Americans are less concerned about nearly all aspects of security than they were 12 months ago, but an overwhelming majority consider security issues very important when assessing presidential candidates, according to new research by Unisys.
Results from the bi-annual Unisys Security Index, which regularly surveys more than 1,000 Americans on a wide range of security concerns, showed a large drop in levels of security concern compared to a year ago, with the largest drop in concern related to national security.
Despite the overall decline in security concern, an overwhelming majority of U.S. respondents considered a range of domestic national security concerns “very important” for presidential candidates to emphasize in the upcoming elections.
Notably, protecting government computer systems from hackers and criminals (74 percent) topped the list of issues that U.S. respondents would like presidential candidates to emphasize. Additionally, more Americans surveyed say U.S. presidential candidates should focus on the defense of utilities and transportation systems from cyber attacks (73 percent) than on homeland security issues such as terrorism (68 percent). And 63 percent said protecting personal health information was a priority, while 53 percent considered border security very important for candidates to emphasize.
“The latest results of our survey show that the American people recognize the impact that cyber attacks can have on our critical infrastructure and are looking to the U.S. Government to take on a more active role in proactively defending our nation’s key assets,” said Steve Vinsik, vice president enterprise security, Unisys. “It’s interesting that more respondents to our survey said they were concerned about cyber attacks than physical terror attacks. This illustrates that Americans’ perception of security threats is changing, and our nation’s response to those threats must change too.”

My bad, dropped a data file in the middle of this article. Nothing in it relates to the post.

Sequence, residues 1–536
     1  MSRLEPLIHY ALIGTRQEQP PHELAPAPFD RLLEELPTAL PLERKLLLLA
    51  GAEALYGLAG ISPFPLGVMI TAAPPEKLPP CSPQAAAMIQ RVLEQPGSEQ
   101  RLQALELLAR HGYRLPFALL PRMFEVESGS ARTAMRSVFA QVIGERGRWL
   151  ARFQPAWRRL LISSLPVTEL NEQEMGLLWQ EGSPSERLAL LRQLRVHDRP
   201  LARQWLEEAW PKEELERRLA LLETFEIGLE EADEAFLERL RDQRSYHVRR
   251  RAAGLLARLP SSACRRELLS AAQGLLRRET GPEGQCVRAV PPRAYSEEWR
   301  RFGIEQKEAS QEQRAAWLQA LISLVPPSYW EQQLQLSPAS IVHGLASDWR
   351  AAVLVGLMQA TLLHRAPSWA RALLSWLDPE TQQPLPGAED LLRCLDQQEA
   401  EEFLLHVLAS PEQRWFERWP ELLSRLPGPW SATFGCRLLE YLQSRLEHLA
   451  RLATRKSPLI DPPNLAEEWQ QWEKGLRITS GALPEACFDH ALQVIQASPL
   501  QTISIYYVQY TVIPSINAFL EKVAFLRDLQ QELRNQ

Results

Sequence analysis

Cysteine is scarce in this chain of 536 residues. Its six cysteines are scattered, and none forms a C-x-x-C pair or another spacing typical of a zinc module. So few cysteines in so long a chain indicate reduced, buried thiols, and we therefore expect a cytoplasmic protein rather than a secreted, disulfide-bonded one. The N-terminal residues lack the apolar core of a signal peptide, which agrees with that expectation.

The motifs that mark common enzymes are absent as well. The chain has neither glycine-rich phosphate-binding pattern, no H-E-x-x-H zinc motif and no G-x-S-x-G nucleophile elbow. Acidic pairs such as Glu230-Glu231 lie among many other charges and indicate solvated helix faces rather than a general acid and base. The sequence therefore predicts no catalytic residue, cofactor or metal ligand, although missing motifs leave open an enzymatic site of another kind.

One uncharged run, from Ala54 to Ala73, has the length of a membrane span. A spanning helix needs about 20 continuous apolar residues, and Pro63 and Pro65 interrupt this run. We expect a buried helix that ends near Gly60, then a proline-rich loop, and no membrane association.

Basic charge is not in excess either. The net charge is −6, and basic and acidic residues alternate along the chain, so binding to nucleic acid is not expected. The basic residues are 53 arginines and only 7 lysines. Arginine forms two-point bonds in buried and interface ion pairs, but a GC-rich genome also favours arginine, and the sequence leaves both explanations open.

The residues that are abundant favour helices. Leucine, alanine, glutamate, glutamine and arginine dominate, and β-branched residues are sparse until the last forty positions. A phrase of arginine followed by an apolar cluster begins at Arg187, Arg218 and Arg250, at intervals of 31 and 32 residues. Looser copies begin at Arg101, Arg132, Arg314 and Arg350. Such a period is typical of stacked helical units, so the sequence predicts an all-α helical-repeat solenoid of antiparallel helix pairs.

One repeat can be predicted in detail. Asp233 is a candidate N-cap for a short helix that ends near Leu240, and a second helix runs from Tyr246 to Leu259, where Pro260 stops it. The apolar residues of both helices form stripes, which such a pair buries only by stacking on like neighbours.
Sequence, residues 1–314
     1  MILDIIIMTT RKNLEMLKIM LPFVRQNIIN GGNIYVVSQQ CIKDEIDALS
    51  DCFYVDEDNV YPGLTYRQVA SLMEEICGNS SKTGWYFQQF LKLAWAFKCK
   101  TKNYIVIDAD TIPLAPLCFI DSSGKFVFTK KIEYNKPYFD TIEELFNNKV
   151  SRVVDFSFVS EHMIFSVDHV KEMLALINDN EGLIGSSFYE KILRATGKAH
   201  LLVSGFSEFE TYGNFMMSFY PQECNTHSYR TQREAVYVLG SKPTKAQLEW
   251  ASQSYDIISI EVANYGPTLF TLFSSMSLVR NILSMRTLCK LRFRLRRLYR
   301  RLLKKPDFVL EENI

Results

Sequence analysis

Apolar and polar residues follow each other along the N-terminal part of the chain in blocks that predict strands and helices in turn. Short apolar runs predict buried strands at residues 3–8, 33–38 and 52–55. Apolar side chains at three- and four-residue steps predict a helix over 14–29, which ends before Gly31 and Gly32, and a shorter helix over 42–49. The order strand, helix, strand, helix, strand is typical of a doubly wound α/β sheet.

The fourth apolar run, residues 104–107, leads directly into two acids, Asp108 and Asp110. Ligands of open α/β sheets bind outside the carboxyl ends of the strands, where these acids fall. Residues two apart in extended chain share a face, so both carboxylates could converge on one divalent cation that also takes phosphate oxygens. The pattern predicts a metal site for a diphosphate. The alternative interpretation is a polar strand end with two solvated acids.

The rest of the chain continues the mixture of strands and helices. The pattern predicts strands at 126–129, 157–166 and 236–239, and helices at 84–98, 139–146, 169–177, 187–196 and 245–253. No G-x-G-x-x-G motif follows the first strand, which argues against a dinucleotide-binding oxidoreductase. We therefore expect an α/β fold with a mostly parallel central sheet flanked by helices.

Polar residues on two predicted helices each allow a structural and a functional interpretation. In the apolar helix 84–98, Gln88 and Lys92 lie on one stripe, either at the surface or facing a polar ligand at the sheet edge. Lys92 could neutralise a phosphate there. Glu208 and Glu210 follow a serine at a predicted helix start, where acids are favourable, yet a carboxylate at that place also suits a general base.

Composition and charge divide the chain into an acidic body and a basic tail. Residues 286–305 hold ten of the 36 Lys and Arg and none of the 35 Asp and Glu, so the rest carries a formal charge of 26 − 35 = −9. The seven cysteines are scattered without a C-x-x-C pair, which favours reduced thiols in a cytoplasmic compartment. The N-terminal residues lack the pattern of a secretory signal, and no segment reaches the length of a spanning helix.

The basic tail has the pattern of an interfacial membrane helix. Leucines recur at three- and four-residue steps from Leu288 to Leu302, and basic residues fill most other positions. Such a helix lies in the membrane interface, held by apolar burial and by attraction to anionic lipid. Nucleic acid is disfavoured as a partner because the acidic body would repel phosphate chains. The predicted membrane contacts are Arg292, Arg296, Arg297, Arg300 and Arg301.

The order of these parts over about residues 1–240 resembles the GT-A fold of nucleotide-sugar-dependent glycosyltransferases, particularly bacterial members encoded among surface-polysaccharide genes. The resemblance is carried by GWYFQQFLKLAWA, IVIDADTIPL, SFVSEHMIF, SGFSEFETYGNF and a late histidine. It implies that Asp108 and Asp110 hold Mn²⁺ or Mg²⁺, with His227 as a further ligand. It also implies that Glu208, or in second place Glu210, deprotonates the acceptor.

Unisys also surveyed U.S. respondents on their preferences for securing their mobile work devices when used outside of the workplace. Fifty-five percent of U.S. respondents said they prefer using complex passwords (combinations of uppercase and lower case letters, symbols and numbers) for mobile security.
Biometrics such as fingerprints, voice or facial images were the second most preferred method, with 37 percent of respondents showing preference for one or more of those methods for protecting mobile devices outside the workplace.
Nearly a third (32 percent) of respondents said they prefer simple passwords for securing their mobile devices outside the workplace.
“This is a worrisome finding for executives and enterprise IT managers,” Vinsik added. “Passwords alone simply do not provide a sufficient level of security to protect sensitive data against today’s sophisticated cyber criminals. Organizations need to leverage the use of facial and voice biometrics that most smart phones are capable of supporting today.”
On a scale of zero to 300, the overall U.S. Unisys Security Index score was 131, representing a moderate level of concern. The U.S. score was 164 in the previous Unisys Security Index survey reported in May 2011. All four areas of security concern surveyed by Unisys (national, personal, Internet and financial) declined in the current survey. Identity theft topped the list of serious concerns at 59 percent, and 56 percent of respondents were seriously concerned about unauthorized credit card use.